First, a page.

Two significant trends were noted in the Winkelmayer study over the 10-year period. One was that dialysis was increasingly initiated at higher GFR levels (i.e. the patients had more preserved renal function when dialysis was begun). And there was a substantial increase in the usage of erythropoiesis-stimulating agents (ESA’s). You are all aware of the recent attention to the detrimental effects of aggressive erythropoiesis-stimulating agent use (the CREATE, CHOIR, and TREAT studies). Winkelmayer et al. also note that recent studies have also questioned the efficacy of several other interventions, such as aggressive blood pressure lowering, renal artery revascularization, statin use, and management of metabolic bone disease in CKD.
There has been a striking trend over the last decade or so of earlier initiation of dialysis (that is, dialysis is being started in patients with higher eGFR levels). The recently completed IDEAL trial (Cooper 2010) showed no benefit from earlier initiation of dialysis and another recent analysis of national data (Rosansky 2011) actually suggests that early initiation of dialysis may be harmful. And another study (Tamura 2009) showed a substantial and sustained decline in functional status in nursing home patients initiated on dialysis.
Moreover, the cost effectiveness analysis accompanying the IDEAL trial (Harris 2011) showed that early initiation of dialysis resulted in higher costs (almost $16,000 higher) and did not improve quality of life.
In the previous literature, the prime driver of both mortality/morbidity and cost in patients during the first year of dialysis was that dialysis was often started emergently. The patient was often admitted to a hospital for an intercurrent medical or surgical problem and the renal status deteriorated to the point that dialysis was necessary. That dialysis thus had to begin when the patient had suboptimal vascular access for dialysis (i.e. they did not have a mature fistula what would be used for ongoing dialysis).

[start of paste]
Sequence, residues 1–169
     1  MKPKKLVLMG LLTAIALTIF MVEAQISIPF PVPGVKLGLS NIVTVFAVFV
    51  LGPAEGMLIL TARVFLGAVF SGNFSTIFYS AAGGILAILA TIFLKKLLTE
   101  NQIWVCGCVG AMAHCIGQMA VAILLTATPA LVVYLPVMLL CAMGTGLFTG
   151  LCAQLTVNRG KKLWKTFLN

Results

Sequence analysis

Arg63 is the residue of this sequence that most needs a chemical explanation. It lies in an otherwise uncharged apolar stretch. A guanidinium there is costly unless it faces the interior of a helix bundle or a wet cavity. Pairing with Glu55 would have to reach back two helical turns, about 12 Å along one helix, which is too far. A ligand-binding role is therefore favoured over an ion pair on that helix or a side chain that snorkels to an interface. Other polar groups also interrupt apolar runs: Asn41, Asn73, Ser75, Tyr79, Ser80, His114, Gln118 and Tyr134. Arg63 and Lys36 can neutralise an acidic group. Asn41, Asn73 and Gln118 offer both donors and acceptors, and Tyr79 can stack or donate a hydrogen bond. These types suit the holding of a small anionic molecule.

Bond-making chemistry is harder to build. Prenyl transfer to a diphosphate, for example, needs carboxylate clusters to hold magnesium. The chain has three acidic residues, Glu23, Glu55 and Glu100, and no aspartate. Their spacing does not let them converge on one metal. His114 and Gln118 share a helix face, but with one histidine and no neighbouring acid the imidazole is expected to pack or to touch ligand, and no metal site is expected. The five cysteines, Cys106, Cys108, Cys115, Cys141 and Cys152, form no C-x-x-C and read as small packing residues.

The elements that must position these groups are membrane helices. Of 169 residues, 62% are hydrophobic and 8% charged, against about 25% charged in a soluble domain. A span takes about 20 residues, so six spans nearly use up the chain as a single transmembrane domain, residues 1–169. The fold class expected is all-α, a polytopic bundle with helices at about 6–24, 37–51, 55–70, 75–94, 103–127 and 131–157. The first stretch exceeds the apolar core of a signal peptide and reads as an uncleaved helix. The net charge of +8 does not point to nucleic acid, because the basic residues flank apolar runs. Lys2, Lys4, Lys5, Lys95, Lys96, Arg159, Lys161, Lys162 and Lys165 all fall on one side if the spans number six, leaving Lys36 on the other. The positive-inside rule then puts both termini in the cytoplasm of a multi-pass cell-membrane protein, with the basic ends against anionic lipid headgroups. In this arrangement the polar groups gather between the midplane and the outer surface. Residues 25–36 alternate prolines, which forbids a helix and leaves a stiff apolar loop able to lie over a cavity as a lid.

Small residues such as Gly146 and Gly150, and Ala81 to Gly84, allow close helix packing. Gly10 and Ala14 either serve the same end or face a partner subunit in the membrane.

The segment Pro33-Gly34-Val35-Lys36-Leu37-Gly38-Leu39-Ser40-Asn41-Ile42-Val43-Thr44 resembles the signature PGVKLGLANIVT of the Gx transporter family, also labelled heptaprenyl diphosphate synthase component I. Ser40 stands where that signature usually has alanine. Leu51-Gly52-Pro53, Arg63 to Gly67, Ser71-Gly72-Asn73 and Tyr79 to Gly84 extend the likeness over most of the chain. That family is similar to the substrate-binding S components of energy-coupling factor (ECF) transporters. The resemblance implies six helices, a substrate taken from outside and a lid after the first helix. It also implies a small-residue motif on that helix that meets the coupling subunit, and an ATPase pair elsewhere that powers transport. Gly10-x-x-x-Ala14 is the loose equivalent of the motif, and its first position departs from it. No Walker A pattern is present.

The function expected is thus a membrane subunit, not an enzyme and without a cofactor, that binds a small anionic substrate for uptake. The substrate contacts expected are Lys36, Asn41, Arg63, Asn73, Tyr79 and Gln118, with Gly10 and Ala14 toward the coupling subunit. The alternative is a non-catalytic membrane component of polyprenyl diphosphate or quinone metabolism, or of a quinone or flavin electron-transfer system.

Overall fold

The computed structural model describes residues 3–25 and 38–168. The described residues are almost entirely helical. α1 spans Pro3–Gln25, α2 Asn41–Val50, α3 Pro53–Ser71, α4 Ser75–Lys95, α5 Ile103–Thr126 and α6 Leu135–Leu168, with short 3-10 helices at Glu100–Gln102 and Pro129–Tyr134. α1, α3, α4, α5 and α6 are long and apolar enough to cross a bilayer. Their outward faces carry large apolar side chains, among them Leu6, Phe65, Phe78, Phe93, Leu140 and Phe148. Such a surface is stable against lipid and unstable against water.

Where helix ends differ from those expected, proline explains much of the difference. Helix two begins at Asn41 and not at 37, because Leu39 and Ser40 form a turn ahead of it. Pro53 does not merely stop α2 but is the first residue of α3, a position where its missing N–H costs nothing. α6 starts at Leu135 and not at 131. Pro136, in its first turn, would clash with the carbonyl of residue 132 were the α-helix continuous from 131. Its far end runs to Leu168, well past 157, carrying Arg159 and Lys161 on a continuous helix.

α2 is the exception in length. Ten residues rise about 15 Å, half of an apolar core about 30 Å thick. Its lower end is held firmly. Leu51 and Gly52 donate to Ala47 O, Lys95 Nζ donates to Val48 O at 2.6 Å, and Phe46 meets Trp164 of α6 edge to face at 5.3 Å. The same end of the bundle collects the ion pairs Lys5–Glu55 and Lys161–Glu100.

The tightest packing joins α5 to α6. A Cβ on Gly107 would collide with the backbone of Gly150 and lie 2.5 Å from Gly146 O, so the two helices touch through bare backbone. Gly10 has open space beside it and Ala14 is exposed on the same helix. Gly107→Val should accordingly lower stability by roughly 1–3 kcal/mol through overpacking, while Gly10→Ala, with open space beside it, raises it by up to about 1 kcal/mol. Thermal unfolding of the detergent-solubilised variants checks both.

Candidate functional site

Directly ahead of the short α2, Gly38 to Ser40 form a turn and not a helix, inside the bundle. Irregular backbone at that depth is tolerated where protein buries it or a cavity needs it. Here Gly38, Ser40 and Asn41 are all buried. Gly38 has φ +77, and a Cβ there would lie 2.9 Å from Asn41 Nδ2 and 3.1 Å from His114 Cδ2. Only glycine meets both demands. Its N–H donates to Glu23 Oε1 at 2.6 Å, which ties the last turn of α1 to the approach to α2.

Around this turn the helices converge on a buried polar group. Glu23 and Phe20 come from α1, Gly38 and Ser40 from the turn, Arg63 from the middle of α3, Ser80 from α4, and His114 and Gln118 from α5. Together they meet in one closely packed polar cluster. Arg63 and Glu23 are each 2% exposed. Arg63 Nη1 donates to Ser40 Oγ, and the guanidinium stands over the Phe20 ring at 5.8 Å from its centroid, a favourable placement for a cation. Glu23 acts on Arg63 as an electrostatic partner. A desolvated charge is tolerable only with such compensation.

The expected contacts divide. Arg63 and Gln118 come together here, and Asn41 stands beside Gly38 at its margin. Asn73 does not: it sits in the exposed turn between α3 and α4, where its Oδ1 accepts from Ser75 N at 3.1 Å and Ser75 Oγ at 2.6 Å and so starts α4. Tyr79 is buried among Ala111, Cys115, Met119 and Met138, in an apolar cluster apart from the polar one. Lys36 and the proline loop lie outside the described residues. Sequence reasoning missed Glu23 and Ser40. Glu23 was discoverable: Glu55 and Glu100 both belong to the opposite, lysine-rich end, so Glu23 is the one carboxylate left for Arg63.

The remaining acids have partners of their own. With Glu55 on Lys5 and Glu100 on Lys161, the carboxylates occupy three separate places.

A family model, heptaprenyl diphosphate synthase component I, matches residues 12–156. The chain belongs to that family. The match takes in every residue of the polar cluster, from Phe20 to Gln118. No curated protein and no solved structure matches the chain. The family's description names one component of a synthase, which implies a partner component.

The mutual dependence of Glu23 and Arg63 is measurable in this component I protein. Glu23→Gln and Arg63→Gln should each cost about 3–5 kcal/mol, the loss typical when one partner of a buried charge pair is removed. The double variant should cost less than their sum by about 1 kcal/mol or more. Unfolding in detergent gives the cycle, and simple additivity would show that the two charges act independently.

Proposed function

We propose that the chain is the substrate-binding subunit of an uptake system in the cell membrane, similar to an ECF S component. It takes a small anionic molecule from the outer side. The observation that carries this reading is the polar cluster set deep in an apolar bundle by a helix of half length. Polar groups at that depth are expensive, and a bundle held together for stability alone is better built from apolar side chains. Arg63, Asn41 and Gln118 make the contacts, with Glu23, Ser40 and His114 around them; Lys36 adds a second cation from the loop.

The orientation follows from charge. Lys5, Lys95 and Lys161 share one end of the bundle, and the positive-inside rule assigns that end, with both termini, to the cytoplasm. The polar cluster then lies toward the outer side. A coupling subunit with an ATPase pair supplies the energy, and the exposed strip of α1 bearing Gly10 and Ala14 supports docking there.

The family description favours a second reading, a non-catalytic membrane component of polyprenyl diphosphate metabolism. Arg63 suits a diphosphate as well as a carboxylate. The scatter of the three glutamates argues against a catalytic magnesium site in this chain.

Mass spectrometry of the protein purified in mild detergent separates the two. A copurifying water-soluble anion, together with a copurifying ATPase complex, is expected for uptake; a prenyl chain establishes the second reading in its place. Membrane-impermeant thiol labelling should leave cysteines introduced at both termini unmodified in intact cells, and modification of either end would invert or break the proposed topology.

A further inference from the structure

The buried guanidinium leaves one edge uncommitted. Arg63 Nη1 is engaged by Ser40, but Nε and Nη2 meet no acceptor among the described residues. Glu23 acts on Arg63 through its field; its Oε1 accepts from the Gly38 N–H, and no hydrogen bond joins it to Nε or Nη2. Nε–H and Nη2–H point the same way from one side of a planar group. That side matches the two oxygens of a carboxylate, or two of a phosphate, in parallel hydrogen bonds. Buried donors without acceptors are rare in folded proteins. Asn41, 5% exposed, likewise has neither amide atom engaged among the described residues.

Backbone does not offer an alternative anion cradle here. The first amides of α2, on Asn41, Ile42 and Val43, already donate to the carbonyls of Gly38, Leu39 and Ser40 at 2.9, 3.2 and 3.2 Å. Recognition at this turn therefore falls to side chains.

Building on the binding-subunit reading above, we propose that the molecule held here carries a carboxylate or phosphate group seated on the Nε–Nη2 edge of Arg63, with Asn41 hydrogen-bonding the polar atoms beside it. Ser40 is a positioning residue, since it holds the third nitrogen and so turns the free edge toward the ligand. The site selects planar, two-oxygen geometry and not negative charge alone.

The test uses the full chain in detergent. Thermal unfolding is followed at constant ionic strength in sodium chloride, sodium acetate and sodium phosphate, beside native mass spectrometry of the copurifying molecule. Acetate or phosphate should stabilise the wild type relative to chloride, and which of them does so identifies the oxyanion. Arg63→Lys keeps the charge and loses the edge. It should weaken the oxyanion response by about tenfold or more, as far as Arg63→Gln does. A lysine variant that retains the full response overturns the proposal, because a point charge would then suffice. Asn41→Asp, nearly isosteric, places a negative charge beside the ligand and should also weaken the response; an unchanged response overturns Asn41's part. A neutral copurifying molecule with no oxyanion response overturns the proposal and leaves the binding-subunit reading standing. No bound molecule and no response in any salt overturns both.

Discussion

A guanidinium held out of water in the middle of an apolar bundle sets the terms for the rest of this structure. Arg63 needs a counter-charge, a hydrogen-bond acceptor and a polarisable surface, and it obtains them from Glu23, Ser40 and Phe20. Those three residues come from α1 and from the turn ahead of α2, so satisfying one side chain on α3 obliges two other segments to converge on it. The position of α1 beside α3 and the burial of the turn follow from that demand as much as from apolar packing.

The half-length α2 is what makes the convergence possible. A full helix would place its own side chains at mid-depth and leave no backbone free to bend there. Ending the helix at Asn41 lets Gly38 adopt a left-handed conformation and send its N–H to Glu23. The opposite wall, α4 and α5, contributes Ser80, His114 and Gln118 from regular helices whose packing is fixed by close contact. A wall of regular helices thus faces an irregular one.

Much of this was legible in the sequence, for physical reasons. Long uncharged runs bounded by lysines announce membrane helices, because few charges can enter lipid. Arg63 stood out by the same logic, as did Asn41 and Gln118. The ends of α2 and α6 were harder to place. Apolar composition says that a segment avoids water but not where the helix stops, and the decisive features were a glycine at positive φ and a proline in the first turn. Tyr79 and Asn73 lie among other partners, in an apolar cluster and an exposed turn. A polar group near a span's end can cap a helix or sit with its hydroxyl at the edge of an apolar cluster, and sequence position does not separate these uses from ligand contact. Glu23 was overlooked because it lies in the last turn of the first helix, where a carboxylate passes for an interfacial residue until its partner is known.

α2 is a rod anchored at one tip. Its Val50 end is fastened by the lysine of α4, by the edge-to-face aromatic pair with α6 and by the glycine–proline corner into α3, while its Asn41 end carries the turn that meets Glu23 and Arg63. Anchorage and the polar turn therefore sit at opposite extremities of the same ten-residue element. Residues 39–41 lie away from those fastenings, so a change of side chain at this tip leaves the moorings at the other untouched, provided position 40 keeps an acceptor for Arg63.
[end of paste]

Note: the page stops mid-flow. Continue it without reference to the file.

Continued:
But one wonders if even such well-intentioned programs like the “Fistula First” program may have played a role in the changes in practice. Clearly, having a mature fistula in place when dialysis is initiated is beneficial. However, one wonders whether having those fistulas ready may also play a role in the trend toward initiating dialysis in patients with more preserved renal function.
But you have to look at root causes to see how things can get out of hand. Many of the root causes in the CKD story are related to conflicts of interest at multiple levels. A commentary (Senekjian 2011) noted that there are numerous financial incentives for nephrologists in the US to initiate dialysis early. In addition, the use of erythropoiesis-stimulating agents (ESA’s) was also impacted by conflicts of interest. Of course, pharmaceutical companies benefit from their use. But in most cases so do the providers who prescribe them. Even some of the disease management companies that focused on CKD used their purchasing clout to get better pricing on ESA’s that they passed on to their clients. But in doing so, they probably contributed to the aggressive use of ESA’s that, retrospectively, may have contributed to harmful outcomes in some patients. And one needs to look at the process of guideline development and the means of funding the sponsoring group(s). You’ll find that, even though they may be “consumer advocacy” groups, they derive much of their funding from “industry”. We found it most interesting when the consumer advocacy group in the Western New York collaborative volunteered to help put together the educational materials for PCP’s to help manage CKD. Chapter One of the proposed materials was “Management of Anemia”!
So are there lessons learned here? Yes, there are several:
· Ensure you will measure the important patient outcomes rather than surrogate measures in any quality improvement or patient safety project.
· Always be vigilant for unintended consequences of you actions.
· Be particularly wary of perverse incentives and conflicts of interest that may come into play.
· Recognize that even practices that are “evidence-based” when you start, they may be changed by changes that take place in practice.
· Don’t be so anxious to get your project going that you ignore all the above lessons!